European Social Fund

Surveying

Surveyors work closely with a wide range of people: architects and engineers, town planners and property developers. And they use the latest technologies: flying drones to map land and measure buildings, creating virtual reality models of buildings, and using data to tackle global issues like climate change, migration and urbanisation.

There are more than 100 varied career roles across the surveying profession in three main sectors: construction and infrastructure; property; and land.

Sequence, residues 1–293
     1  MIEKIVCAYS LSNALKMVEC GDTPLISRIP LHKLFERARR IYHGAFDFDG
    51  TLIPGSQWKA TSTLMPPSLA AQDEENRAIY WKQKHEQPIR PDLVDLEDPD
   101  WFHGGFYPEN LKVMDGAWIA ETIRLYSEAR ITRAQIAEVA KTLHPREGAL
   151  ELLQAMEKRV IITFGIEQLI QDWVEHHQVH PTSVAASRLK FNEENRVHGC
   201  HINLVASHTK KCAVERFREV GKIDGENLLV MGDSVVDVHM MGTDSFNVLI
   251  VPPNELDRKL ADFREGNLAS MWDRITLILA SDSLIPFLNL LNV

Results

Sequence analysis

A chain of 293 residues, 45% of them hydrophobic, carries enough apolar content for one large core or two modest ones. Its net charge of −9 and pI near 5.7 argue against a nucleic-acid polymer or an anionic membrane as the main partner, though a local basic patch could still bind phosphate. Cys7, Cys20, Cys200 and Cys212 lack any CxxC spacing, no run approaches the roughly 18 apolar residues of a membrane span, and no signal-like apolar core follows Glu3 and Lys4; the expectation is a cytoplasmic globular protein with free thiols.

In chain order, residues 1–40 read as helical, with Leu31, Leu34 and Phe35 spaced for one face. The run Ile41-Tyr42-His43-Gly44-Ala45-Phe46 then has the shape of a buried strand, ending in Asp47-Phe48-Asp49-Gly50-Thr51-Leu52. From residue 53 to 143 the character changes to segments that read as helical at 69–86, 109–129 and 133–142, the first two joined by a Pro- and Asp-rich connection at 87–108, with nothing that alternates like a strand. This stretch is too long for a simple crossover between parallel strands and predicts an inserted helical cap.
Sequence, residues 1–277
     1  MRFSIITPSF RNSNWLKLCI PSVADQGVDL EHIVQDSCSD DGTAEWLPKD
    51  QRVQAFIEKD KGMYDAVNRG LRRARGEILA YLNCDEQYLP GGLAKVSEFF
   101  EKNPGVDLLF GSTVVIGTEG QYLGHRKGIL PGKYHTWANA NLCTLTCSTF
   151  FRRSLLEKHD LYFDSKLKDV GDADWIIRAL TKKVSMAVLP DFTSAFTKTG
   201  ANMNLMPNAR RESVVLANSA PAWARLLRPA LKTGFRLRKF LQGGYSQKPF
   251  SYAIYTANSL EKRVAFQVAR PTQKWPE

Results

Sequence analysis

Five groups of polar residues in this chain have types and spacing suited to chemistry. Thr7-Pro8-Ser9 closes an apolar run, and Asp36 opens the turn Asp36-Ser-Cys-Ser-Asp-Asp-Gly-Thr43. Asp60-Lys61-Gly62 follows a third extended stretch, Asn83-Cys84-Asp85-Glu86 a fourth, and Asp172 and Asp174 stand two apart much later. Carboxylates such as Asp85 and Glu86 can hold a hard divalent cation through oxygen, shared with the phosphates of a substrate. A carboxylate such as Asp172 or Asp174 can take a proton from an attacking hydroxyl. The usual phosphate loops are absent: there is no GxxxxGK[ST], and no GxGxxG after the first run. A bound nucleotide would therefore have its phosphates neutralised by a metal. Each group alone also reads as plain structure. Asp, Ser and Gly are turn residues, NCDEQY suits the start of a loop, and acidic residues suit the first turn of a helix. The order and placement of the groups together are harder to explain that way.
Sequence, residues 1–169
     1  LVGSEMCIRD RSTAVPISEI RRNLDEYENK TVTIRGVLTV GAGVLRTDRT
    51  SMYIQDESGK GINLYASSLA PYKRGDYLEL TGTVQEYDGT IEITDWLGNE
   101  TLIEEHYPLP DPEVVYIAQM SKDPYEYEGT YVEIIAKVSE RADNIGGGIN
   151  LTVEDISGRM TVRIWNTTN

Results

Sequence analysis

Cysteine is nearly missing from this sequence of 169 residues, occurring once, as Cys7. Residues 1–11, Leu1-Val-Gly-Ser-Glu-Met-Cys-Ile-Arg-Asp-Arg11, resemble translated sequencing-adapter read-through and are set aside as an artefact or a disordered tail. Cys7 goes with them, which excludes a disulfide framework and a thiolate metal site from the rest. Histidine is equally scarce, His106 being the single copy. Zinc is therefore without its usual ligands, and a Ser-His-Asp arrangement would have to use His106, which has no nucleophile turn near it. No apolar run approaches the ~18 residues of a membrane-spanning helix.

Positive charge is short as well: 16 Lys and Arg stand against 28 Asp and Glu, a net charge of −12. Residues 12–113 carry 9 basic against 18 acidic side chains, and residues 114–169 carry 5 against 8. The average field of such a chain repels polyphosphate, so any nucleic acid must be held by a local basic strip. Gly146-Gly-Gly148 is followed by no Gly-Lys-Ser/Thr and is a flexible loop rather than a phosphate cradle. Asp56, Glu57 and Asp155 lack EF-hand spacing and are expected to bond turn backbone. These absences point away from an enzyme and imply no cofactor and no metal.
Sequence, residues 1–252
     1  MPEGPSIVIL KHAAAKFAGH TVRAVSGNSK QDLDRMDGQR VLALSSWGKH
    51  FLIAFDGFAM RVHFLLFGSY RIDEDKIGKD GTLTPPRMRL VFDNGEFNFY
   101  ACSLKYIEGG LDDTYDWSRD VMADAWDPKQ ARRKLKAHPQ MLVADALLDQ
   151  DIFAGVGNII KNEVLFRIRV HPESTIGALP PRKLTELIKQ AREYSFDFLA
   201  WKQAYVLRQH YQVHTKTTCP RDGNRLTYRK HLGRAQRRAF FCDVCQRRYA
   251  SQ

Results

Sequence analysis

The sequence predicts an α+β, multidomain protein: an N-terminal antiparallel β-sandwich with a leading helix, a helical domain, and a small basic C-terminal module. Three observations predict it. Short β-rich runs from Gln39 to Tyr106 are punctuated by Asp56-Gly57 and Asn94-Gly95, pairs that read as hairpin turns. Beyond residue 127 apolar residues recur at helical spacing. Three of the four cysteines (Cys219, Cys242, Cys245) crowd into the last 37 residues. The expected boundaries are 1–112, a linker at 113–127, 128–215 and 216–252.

Quantity Surveyor

Quantity Surveyors typically work in the construction sector and are responsible for the management of costs on large scale projects from start to finish.

Land/Geomatics Surveyor

Land or Geomatics Surveyors use technology to measure and collect data on land to assist civil engineers and construction professionals to plan their projects. They may also work on documenting changes in the natural environment using drones to capture ultra high accuracy aerial photogrammetry.

Building Surveyor

Building Surveyors complete inspections of properties (commercial and domestic) and prepare reports covering the condition of the property and, where required, advising on the management of repairs, maintenance and restoration.

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